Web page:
For a while now I have been fascinated by the idea that as cultural operators based on the African continent, and producing work here, we ought to think about the implications of home-based literature, of writing by writers who do not live outside Africa. Constantly thinking about this makes me feel there is a danger of over-amplifying a subtlety that does not demand extra attention. But then, from my experience of working with younger, emerging writers as myself I realize that the real danger is the skewed notion that a successful literary career is one that begins with, for instance, international publishing rights, winning a western-based African literary award, and being laden with other validatory baggage.

To emphasize our interest in building a culture of celebrating home-based writing, Saraba Magazine is publishing a series of essays by writers, editors, and publishers who have demonstrated sufficient interest in the matter. The starting point is, as I noted, demonstrated interest and then affirmative action. And even further a commitment to asking the hard questions about writing from within.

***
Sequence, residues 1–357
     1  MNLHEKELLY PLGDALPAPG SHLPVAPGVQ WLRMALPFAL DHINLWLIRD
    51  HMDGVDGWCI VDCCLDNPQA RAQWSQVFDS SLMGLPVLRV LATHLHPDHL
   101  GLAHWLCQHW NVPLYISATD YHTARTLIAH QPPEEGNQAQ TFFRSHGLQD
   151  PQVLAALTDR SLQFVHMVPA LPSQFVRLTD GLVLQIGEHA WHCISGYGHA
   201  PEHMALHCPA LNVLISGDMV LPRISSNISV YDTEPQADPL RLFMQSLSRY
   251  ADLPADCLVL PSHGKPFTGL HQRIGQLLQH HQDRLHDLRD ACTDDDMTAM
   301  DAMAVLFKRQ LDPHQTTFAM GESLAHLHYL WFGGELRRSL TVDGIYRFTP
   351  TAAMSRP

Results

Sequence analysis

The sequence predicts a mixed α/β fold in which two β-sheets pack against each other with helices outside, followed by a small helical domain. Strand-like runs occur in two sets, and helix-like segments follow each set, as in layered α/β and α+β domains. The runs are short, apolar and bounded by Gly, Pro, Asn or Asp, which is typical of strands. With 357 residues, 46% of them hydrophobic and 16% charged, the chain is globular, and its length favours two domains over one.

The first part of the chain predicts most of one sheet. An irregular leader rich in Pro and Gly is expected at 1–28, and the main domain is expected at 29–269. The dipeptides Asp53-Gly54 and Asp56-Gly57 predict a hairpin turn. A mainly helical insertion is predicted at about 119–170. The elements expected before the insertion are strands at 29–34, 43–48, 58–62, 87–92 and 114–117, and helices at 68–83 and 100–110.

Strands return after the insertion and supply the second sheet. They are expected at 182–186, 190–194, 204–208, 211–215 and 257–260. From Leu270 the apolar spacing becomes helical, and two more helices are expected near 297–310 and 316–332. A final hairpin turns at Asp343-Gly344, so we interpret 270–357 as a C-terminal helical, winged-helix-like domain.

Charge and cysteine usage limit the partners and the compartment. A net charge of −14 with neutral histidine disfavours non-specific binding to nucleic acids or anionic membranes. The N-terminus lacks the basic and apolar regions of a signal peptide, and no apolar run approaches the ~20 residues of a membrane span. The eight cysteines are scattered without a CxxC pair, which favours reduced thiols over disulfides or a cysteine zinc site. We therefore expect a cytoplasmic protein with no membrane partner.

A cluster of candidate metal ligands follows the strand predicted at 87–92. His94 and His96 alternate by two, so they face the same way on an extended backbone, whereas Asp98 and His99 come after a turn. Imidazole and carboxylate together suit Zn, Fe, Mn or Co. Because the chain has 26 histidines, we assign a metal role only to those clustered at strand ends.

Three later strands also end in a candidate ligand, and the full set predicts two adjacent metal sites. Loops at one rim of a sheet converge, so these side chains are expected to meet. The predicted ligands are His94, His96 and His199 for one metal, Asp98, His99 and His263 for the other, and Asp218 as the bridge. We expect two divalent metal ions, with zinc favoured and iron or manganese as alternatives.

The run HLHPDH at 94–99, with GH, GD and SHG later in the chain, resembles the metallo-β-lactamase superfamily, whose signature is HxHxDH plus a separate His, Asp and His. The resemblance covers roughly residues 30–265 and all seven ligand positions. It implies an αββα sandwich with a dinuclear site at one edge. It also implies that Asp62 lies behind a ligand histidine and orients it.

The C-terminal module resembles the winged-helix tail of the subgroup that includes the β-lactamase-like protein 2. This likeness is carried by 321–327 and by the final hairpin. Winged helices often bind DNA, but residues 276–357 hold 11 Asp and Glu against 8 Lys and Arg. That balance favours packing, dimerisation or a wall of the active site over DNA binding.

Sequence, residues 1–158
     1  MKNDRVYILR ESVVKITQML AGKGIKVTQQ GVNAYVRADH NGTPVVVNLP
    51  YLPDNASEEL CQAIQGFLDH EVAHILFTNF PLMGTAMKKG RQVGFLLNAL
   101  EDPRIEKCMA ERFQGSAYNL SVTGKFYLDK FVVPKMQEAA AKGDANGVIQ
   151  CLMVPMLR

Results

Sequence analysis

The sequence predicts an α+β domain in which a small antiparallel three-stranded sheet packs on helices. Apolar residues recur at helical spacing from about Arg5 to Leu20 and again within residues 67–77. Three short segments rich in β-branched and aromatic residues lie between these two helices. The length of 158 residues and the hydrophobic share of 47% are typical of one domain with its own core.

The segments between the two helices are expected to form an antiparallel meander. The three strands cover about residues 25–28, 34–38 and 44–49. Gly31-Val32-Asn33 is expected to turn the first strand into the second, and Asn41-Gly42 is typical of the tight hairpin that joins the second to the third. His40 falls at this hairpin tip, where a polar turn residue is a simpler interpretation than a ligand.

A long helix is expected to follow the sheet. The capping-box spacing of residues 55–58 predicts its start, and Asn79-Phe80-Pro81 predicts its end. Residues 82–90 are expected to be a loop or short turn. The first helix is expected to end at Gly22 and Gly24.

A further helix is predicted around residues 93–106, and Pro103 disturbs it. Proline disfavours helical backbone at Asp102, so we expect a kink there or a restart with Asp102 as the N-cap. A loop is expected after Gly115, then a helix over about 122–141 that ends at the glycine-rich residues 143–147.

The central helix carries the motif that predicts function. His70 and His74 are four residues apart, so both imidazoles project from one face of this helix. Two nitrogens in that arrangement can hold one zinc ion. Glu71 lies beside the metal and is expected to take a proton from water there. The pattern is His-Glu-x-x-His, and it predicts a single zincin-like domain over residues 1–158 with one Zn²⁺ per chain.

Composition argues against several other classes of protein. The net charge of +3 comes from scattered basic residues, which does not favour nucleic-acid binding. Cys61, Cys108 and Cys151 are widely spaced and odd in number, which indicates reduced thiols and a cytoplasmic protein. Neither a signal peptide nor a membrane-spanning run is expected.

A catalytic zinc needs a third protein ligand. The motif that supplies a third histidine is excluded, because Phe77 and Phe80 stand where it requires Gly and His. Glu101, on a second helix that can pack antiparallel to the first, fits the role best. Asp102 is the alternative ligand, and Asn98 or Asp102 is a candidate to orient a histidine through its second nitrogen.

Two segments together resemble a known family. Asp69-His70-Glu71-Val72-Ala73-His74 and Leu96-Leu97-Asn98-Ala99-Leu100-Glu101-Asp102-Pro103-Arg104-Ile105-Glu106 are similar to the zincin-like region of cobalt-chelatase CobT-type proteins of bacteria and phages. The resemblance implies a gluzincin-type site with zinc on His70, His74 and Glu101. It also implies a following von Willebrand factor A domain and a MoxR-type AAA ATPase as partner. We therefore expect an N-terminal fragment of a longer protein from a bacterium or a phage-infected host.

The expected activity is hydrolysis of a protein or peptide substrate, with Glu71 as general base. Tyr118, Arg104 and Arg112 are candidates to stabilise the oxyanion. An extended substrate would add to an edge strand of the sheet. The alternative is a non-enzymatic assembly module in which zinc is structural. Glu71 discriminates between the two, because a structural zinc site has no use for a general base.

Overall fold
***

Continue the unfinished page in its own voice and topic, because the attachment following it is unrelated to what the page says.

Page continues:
The essays will be published weekly over the next five weeks, and it is my earnest wish that they generate brilliant conversation about our literary industry and where it is headed. Hopefully when things are considered in retrospect, these essays will be the markers of new models in growing home-based African literature.

Click the links below to read the essays.

Emmanuel Iduma | co-publisher / creative director, Saraba Magazine



  1. Of Rising, and the Home-Based Nigerian Writer, by Ukamaka Olisakwe
  2. Producing and Consuming African Literature: Ernest Bazanye and the Uganda Case, by Brian Bwesigye
  3. Sprouting Again by Tolu Oloruntoba
  4. Literature is Bigger Than Publishingby Ernest Bazanye Sempebwa


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